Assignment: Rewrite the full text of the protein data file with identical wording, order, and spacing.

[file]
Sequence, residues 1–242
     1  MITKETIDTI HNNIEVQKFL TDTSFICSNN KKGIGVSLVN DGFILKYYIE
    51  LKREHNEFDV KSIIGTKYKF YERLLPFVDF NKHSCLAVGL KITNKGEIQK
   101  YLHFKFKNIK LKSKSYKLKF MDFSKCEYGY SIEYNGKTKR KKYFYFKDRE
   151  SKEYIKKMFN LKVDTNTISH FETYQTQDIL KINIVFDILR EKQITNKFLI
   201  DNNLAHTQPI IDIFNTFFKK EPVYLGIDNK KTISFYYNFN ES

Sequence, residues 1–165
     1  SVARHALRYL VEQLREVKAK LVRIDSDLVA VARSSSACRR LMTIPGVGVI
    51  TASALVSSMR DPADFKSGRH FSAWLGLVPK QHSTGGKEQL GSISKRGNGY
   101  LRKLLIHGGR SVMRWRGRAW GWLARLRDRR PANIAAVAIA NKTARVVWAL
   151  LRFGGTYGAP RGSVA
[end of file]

Sequence, residues 1–242
     1  MITKETIDTI HNNIEVQKFL TDTSFICSNN KKGIGVSLVN DGFILKYYIE
    51  LKREHNEFDV KSIIGTKYKF YERLLPFVDF NKHSCLAVGL KITNKGEIQK
   101  YLHFKFKNIK LKSKSYKLKF MDFSKCEYGY SIEYNGKTKR KKYFYFKDRE
   151  SKEYIKKMFN LKVDTNTISH FETYQTQDIL KINIVFDILR EKQITNKFLI
   201  DNNLAHTQPI IDIFNTFFKK EPVYLGIDNK KTISFYYNFN ES

Sequence, residues 1–165
     1  SVARHALRYL VEQLREVKAK LVRIDSDLVA VARSSSACRR LMTIPGVGVI
    51  TASALVSSMR DPADFKSGRH FSAWLGLVPK QHSTGGKEQL GSISKRGNGY
   101  LRKLLIHGGR SVMRWRGRAW GWLARLRDRR PANIAAVAIA NKTARVVWAL
   151  LRFGGTYGAP RGSVA